Codeception for
Laravel Framework Laravel

Laravel Module


Jan-Henk Gerritsen




Install latest stable Codeception via Composer:

composer require codeception/codeception --dev


It is easy to setup tests by running bootstrap command:

composer exec codecept bootstrap

This will create tests directory and configuration file codeception.yml. This also prepares 3 suites for testing: acceptance, functional, and unit. You will also need to prepare .env file for testing environment:

cp .env .env.testing

Functional Tests

Functional tests allow test application by simulating user actions, this is done by sending requests to framework kernel and checking HTML as a result. Unilke internal tests of Laravel, Codeception doesn’t limit you to testing only one request per test. You can test complex interactions involving different actions and controllers. This way you can easily cover your specifictions with functional tests.

To start you need to configure tests/functional.suite.yml to use Laravel5 module:

class_name: FunctionalTester
        - Laravel5:
            environment_file: .env.testing
        - \AppBundle\Helper\Functional

Codeception will also use Eloquent to cleanup changes to database by wrapping tests into transaction and rolling it back in the end of a test. This makes tests isolated and fast. Laravel5 module allows to access services from DIC container, user authentication methods, fixture generators, check form validations and more.

To create first functional test for Login you should run:

composer exec codecept g:cest functional Login

Unit Tests

Codeception is powered by PHPUnit so unit and integration test work in a similar manner. To genereate a unit test run:

composer exec codecept g:test unit "Foo\Bar"

This generates Codeception\Test\Unit testcase which is inherited from PHPUnit but provides a module access. Enable Laravel5 module in unit.suite.yml to have its methods inside a testcase. They are available injected into $this->tester property of a testcase.

Continue to Unit Testing Guide ».

Acceptance Tests

To test an application in a real environment by using its UI you should use a real browser. Codeception uses Selenium Webdriver and corresponding WebDriver module to interact with a browser. You should configure acceptance.suite.yml to use WebDriver module and a browser of your choice.

class_name: AcceptanceTester
        - WebDriver:
            url: 'https://localhost/' # put your local url
            browser: firefox
        - \Helper\Acceptance            

Browser can be specified as firefox, chrome, phantomjs, or others.

Acceptance tests will be executed in development environment using real web server, so settings from .env.testing can’t be passed to them.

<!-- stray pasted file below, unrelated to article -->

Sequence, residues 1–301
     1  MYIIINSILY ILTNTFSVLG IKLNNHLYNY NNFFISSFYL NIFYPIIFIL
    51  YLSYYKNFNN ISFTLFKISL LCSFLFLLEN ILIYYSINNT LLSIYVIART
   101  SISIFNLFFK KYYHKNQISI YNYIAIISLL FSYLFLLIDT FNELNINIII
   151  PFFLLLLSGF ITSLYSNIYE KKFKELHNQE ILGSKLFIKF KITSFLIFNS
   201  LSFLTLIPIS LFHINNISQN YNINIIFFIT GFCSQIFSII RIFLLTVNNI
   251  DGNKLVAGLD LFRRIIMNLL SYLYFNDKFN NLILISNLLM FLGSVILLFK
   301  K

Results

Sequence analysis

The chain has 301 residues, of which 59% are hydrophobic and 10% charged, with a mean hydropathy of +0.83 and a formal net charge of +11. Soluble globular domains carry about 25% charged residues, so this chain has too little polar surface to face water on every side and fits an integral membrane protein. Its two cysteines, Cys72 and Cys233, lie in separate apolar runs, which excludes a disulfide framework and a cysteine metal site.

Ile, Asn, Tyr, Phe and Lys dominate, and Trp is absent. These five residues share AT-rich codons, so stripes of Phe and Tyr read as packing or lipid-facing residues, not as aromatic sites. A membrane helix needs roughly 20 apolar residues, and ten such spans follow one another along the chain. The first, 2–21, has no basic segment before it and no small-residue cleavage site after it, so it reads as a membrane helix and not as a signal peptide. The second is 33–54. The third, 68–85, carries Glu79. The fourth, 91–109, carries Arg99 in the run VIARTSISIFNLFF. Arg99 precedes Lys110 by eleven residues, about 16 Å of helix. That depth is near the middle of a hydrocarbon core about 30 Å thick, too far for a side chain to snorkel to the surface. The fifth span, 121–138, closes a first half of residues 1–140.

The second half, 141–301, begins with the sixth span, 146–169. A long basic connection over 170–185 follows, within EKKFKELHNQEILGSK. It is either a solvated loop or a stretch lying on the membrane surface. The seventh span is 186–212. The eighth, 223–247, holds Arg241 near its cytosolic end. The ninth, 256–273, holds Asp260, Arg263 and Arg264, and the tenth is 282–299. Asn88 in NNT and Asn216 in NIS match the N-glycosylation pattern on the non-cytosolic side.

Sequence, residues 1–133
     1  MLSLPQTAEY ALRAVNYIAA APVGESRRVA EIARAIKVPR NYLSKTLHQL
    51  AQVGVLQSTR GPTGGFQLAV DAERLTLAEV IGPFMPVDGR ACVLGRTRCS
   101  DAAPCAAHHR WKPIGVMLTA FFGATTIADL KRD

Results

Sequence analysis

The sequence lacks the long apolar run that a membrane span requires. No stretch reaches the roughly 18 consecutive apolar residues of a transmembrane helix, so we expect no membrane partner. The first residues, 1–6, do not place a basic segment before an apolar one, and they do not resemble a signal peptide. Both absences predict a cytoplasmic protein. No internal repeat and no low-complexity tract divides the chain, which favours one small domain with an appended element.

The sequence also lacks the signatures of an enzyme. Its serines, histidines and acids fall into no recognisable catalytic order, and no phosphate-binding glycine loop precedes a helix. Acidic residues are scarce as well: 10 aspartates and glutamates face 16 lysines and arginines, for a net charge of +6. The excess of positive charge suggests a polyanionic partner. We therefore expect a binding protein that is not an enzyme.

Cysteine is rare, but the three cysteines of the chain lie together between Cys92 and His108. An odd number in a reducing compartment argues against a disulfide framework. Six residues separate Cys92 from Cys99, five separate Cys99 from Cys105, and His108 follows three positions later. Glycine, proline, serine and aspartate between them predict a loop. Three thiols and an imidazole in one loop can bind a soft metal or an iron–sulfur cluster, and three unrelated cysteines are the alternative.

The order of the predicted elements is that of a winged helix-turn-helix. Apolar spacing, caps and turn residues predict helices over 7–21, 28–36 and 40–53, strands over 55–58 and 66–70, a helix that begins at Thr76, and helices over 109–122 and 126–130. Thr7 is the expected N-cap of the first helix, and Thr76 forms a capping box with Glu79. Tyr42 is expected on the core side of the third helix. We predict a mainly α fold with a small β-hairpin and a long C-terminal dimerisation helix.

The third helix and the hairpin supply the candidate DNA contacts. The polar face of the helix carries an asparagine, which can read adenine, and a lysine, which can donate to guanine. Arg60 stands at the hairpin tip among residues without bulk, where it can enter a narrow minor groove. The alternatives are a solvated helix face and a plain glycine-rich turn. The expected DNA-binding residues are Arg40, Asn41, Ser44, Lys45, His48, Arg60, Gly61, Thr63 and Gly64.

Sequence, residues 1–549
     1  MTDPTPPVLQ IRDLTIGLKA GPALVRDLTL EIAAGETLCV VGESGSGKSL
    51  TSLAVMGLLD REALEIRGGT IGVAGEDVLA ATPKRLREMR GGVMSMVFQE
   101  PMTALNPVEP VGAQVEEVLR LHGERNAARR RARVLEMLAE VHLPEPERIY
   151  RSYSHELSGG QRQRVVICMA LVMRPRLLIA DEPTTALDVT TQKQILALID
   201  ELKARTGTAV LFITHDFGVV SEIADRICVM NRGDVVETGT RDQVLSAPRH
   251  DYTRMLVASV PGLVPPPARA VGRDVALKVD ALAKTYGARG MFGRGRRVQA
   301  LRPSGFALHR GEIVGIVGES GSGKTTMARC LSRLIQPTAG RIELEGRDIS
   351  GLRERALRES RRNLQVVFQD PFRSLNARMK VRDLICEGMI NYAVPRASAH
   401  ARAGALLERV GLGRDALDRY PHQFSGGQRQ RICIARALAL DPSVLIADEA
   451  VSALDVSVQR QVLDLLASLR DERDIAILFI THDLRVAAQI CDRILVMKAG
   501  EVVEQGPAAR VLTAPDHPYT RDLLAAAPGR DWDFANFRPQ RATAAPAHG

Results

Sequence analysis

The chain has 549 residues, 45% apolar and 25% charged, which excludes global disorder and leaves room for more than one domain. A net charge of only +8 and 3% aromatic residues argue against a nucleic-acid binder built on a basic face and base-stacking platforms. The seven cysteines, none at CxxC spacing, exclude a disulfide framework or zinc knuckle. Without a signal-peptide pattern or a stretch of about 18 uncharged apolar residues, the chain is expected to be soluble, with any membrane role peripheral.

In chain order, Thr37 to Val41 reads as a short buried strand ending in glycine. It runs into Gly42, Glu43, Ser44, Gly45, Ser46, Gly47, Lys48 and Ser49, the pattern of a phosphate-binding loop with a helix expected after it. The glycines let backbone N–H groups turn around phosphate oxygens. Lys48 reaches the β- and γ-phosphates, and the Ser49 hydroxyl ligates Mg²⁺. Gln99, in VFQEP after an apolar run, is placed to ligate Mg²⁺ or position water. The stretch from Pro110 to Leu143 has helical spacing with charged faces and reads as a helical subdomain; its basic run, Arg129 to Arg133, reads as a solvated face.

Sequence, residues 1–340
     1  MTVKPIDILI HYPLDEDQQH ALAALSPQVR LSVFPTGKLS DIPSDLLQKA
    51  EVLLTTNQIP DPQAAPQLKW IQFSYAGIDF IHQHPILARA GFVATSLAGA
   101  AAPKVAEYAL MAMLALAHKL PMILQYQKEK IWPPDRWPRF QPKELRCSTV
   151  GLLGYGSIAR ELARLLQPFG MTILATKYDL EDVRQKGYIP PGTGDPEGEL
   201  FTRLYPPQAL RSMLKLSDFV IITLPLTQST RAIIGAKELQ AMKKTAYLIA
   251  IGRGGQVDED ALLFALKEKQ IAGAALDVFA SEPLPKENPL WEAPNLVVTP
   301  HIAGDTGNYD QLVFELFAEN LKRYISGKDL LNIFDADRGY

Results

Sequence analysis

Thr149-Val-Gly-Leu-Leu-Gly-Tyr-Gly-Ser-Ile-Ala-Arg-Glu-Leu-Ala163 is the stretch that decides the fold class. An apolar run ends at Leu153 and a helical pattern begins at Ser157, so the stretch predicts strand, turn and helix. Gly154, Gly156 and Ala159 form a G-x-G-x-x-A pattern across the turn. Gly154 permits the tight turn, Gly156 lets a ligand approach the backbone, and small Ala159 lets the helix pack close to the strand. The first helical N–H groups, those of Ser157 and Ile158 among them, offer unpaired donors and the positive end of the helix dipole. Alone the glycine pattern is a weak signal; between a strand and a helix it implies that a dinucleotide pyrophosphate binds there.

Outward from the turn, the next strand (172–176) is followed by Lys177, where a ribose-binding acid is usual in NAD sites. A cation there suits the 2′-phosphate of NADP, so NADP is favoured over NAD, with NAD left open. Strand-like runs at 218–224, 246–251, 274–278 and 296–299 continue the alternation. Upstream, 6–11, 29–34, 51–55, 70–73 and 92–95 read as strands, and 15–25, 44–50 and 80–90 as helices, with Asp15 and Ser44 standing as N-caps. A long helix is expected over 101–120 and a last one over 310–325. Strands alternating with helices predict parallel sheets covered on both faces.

You can also use Eloquent to create data for acceptance tests. This way you can use data factories and models to prepare and cleanup data for tests. You should enable Laravel5 module with ORM part to add ActiveRecord methods:

class_name: AcceptanceTester
        - WebDriver:
            url: 'https://localhost/' # put your local url
            browser: firefox
        - Laravel5:
            part: ORM
            cleanup: false # can't wrap into transaction
        - \Helper\Acceptance            

Laravel5 module won’t be able to wrap test execution in a transaction but methods like haveRecord or haveModel will delete objects they created when test ends.

API Tests

API Tests are done at functional testing level but instead of testing HTML responses on user actions, they test requests and responses via protocols like REST or SOAP. To create api tests you should create a suite for them

composer exec codecept g:suite api

You will need to enable REST, Laravel5 module in tests/api.suite.yml:

class_name: ApiTester
        - REST:
            url: /api/v1
            depends: Laravel5
        - \Helper\Api
        - Laravel5:
            environment_file: .env.testing

Laravel5 module actions like amOnPage or see should not be available for testing API. This why Laravel5 module is not enabled but declared with depends for REST module. Laravel5 should use testing environment which is specified in config section


If you prefer to describe application with feature files, Codeception can turn them to acceptance or functional tests. It is recommended to store feature files in features directory (like it does Behat) but symlinking it to tests/acceptance/features or tests/functional/features so they can be treated as tests too. For using BDD with acceptance tests you need to run:

ln -s $PWD/features tests/acceptance

Codeception allows to combine tests written in different formats. If are about to wirite a regression test it probably should not be described as a product’s feature. That’s why feature-files is subset of all acceptance tests, and they are stored in subfolder of tests/acceptance.

There is no standard Gherkin steps built in. By writing your feature files you can get code snippets which should be added to AcceptanceTester class.

composer exec codecept gherkin:snippets

In the same manner features can be set up as functional tests.